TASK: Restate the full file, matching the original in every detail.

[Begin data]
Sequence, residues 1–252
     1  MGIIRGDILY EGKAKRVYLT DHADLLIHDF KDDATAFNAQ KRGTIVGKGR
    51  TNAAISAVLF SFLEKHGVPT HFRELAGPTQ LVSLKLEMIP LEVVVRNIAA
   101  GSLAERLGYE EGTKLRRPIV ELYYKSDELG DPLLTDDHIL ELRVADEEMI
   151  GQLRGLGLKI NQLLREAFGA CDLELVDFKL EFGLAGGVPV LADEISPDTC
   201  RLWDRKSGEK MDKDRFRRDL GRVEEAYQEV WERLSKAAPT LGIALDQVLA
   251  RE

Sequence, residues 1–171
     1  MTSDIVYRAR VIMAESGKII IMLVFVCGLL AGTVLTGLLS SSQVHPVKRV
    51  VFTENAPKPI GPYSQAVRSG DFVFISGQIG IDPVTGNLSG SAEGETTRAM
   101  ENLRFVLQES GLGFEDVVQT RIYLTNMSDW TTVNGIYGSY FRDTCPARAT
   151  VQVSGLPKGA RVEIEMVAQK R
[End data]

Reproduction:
Sequence, residues 1–252
     1  MGIIRGDILY EGKAKRVYLT DHADLLIHDF KDDATAFNAQ KRGTIVGKGR
    51  TNAAISAVLF SFLEKHGVPT HFRELAGPTQ LVSLKLEMIP LEVVVRNIAA
   101  GSLAERLGYE EGTKLRRPIV ELYYKSDELG DPLLTDDHIL ELRVADEEMI
   151  GQLRGLGLKI NQLLREAFGA CDLELVDFKL EFGLAGGVPV LADEISPDTC
   201  RLWDRKSGEK MDKDRFRRDL GRVEEAYQEV WERLSKAAPT LGIALDQVLA
   251  RE

Sequence, residues 1–171
     1  MTSDIVYRAR VIMAESGKII IMLVFVCGLL AGTVLTGLLS SSQVHPVKRV
    51  VFTENAPKPI GPYSQAVRSG DFVFISGQIG IDPVTGNLSG SAEGETTRAM
   101  ENLRFVLQES GLGFEDVVQT RIYLTNMSDW TTVNGIYGSY FRDTCPARAT
   151  VQVSGLPKGA RVEIEMVAQK R